• 8 “lithographs” replicating engravings by Marc Antonio Raimondi after Raphael and others, published by the Autotype Printing and Publishing Co., London, in 1868, and donated in 1869 by Mr Thomson (presumably Alfred Thomson)  (NGV p.251.1-1 to 8-1). Several of these still appeared in the NGV’s online catalogue when last checked: see e.g. Adam and Eve (p.251.7-1: https://www.ngv.vic.gov.au/explore/collection/work/41476/; not reproduced)
  • 11 autotype reproductions of John Horsley’s cartoons for The Healing Mercies of Christ (St Thomas’ Hospital, London) (ref.AR 1877, p.75; noting a substantial purchase price of 250 guineas; no longer extant?)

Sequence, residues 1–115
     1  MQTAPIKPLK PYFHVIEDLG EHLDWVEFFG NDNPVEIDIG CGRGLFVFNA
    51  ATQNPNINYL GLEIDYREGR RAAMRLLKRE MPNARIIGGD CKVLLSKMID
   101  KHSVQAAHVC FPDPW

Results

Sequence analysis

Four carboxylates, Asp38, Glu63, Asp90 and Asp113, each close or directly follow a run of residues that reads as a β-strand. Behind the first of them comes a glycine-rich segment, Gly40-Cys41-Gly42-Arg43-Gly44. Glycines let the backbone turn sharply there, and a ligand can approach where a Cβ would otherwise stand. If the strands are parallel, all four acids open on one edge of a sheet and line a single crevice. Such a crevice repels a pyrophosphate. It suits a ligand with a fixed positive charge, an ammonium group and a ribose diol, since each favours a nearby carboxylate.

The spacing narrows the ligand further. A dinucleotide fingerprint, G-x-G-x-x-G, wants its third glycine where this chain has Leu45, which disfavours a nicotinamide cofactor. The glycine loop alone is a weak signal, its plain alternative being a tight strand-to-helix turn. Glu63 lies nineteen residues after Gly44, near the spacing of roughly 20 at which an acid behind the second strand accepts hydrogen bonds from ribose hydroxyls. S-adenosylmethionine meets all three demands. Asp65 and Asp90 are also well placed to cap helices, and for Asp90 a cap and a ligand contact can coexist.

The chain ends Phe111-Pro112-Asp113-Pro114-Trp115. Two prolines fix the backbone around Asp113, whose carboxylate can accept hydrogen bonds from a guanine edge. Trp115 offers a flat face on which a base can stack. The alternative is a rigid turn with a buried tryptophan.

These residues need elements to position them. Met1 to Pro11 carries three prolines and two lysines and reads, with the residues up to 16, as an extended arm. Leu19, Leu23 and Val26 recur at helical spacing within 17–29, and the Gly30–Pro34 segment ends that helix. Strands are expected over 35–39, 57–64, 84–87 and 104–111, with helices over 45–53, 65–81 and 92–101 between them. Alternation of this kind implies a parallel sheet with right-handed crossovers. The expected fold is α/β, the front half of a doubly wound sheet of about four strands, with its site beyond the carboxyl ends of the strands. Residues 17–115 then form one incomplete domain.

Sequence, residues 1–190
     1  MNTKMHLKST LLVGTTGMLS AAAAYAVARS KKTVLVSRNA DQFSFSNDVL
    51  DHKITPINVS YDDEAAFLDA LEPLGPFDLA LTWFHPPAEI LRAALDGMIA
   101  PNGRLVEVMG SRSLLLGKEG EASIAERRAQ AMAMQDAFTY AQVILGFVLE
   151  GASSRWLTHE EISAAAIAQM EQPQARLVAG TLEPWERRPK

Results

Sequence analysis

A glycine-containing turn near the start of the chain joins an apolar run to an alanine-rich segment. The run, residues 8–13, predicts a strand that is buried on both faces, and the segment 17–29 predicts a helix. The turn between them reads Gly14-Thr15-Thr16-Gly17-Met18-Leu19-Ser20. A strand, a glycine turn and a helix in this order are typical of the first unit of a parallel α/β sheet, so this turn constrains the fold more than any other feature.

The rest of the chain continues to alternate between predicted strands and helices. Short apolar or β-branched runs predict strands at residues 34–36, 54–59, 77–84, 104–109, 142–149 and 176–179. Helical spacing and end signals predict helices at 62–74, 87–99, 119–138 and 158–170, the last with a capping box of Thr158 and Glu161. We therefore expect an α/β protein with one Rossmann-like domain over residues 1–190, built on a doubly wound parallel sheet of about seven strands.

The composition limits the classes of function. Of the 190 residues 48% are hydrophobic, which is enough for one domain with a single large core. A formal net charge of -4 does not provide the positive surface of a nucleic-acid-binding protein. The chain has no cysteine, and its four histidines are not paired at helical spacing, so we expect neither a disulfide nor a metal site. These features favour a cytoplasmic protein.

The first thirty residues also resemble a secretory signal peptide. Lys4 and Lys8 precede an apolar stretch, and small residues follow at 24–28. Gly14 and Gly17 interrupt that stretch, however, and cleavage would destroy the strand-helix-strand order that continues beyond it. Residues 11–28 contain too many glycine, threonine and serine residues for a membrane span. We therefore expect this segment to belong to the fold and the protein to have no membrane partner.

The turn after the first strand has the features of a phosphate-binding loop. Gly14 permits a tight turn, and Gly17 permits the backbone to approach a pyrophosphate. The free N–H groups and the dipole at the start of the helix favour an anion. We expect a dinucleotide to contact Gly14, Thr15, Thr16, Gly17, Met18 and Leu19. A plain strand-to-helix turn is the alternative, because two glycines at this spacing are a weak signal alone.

• 3 Chromo-lithographs from life studies by William Mulready (1786-1863), donated by James Scurry (ref.AR 1884, p.36): no longer extant. Later (1939), original works by Mulready were acquired by the NGV
  • “2 Coloured fac-similes of Egyptian Papyri from the Book of Ani” (ref.AR 1891, p.26, under purchases; see also NGV 1894, VI.52)
  • 2 sets of photographs of Papua and the Western Pacific by J.W.Lindt, listed in AR 1894, p.22, under “Autotypes” (it is unclear whether these were original photographs or copies; for various original photos by Lindt, acquired later, see NGV catalogue)

Photographic reproductions of works of art 

NGV Annual Reports and the early catalogues also list a large number of photographs of works of art, several of them displayed in the galleries at various times, and others collected in large albums (several still in the SLV). They are a varied collection, as shown by the following examples: